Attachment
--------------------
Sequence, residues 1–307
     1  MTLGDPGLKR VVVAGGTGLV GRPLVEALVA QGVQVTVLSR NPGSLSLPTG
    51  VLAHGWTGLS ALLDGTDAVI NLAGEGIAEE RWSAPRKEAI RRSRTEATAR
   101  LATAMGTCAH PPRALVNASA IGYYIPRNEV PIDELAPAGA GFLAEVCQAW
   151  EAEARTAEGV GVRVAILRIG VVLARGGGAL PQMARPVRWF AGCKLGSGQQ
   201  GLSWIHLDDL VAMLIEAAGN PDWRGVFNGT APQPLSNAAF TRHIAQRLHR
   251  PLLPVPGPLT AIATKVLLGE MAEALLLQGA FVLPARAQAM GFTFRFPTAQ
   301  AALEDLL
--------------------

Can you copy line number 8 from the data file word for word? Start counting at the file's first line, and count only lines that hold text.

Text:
   301  AALEDLL